I perched on a lichen-tipped ledge on the side of the headland. Above me wheeled two over-attentive crows, hungry no doubt. Below me the strong tide was coming in, wave after wave. The long sands, where earlier I had walked, had been swiftly concealed again; the light-strewn shoreline of flotsam and pebbles and dog prints was being churned up and washed clean in the most beautiful fashion.
This was a place where tides had brought new people to our part of the world, including Piran (washed-up from what we now call Wales) in the years following the gradual, messy ship-wreck of the Roman Empire. It was a time when most human lives were very short, when old certainties were subsumed and also a time of a most remarkable faith. This surge of the Spirit was not separate from the land (or locked up in palaces and pulpits) but interwoven with it, brimming up in holy wells, bringing healing and learning and shelter for the poor.
Again, my eyes were drawn to the waves below as the wind scoured the coastline (and me with it). For all our human need for stability, meaning and permanence, what was being refashioned below me reflected the deep truth Jesus embodied and lived out: that ‘unless a grain of wheat falls to the ground and dies there can be no harvest’ (John 12:24). That all our sand-castles of identity, careers, even closest relationships must be made, broken and re-made. Through a much wider lens, what we call Incarnation and Resurrection (‘God becoming human, so that humans can become God’) are not only one-off historic events but ongoing patterns for us to embrace, too. These times of ebb and flow, loss and renewal are costly, too, leaving us vulnerable (do you remember Gethsemane, remember the Cross?).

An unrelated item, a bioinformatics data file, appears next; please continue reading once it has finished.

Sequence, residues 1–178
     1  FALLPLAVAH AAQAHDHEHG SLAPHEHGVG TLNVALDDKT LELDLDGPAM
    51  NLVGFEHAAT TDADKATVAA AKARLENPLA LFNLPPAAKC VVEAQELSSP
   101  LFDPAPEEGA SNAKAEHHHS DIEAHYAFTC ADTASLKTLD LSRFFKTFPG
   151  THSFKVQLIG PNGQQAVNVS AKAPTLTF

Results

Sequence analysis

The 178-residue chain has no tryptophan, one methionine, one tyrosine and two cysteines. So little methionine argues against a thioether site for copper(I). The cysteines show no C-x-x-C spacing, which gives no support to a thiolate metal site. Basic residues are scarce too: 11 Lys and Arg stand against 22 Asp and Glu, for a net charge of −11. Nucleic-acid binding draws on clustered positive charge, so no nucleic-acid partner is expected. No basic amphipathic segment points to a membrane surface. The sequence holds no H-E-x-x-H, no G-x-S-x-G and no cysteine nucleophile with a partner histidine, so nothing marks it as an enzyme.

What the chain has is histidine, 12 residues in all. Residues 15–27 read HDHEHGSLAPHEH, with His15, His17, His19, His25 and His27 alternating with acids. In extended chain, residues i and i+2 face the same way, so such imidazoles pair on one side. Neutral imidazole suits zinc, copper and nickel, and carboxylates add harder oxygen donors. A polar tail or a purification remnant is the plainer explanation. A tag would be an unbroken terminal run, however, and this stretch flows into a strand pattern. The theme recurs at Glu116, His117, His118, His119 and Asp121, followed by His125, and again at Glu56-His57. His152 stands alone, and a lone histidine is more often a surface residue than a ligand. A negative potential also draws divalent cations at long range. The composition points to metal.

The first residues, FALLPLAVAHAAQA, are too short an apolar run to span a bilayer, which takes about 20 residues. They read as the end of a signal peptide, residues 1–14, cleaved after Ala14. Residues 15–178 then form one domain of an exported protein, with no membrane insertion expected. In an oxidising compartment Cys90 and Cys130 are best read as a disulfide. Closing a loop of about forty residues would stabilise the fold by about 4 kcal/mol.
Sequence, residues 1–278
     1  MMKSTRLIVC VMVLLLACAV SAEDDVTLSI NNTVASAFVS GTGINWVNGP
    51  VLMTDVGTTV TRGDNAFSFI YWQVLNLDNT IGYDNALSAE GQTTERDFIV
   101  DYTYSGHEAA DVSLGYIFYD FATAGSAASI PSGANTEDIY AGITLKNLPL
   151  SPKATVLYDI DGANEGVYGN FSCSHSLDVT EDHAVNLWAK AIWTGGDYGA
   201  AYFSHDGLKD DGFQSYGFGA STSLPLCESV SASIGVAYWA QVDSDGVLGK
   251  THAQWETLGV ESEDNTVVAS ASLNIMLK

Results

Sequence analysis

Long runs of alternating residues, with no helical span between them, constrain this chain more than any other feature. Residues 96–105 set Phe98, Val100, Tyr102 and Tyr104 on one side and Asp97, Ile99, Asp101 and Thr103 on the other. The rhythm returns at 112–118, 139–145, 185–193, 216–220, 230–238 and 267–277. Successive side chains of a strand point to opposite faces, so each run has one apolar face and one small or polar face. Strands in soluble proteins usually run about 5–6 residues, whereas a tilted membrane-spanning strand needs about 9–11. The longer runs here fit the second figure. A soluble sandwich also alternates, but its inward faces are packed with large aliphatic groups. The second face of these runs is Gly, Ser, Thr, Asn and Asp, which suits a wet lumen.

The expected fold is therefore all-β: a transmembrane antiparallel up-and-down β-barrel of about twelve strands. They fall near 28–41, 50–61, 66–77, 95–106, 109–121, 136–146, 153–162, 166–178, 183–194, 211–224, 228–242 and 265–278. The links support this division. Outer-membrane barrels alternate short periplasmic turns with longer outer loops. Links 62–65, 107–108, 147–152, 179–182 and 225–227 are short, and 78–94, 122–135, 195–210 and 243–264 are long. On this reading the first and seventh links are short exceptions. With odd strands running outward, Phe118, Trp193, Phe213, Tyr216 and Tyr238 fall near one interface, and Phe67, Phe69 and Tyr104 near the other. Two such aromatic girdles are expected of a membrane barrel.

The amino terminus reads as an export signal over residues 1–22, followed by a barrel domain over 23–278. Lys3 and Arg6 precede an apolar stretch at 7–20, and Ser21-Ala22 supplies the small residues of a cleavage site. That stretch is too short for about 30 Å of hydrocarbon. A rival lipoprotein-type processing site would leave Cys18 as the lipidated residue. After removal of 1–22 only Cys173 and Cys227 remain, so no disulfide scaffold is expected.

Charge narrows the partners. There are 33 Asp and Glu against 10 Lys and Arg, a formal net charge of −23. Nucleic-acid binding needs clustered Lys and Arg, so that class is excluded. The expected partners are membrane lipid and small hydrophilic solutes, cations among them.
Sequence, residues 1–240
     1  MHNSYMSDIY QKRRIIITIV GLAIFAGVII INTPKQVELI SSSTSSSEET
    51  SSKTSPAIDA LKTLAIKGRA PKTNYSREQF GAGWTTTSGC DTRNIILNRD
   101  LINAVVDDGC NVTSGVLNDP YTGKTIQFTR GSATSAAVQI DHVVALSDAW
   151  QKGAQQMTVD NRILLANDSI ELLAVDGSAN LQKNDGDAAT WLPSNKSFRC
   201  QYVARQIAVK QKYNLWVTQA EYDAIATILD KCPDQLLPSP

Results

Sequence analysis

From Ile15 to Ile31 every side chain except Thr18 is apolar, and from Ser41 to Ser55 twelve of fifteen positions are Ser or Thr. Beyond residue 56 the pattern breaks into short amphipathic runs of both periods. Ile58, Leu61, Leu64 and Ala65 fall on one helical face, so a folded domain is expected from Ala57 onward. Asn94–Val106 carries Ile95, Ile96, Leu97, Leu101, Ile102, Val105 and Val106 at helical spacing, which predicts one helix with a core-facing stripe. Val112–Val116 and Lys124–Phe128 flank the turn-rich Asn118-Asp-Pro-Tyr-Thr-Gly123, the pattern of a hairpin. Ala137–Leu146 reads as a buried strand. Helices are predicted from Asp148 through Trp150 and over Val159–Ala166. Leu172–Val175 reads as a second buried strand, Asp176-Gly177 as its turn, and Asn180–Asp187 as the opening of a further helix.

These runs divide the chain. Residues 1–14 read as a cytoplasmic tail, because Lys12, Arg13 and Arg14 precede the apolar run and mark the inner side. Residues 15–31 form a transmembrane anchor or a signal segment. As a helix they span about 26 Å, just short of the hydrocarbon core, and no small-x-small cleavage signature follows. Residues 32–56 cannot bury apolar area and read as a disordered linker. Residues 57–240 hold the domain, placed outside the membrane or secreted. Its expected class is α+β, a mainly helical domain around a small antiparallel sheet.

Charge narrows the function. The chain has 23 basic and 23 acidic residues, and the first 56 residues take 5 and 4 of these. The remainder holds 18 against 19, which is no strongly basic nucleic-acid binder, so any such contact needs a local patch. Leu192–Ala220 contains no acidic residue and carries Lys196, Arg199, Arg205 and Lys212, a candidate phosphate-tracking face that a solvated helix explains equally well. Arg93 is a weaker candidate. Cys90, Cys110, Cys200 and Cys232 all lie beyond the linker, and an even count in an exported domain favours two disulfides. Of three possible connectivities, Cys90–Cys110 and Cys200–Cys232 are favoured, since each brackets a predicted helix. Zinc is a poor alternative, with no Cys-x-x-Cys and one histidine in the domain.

Is this not true of our bodies, our inner life and relationships, our church families and structures and our rural communities? It’s natural that we try to hold on, seeking comfort in the past and, like Canute, pretend the coming tide isn’t happening (Climate change anyone?). Or we can recognise that such flow is part of life and death. This is when Lent – beginning with Ash Wednesday on 26th February – can help us, with its nurturing of faith and questioning and new beginnings. As David Adam wrote, in a short prayer called ‘Your Tide’ –
‘It is your tide that pulls me Lord, draw me to yourself.
When one tide ebbs,
Nothing is lost,
only it suffers a tide change.’
As you read this, the sea below that headland will be surging or dying back; the shoreline being made new. May you and I, in every part of our lives, feel again the bracing wind of the Spirit and not be afraid to embrace God’s unfailing tides of grace.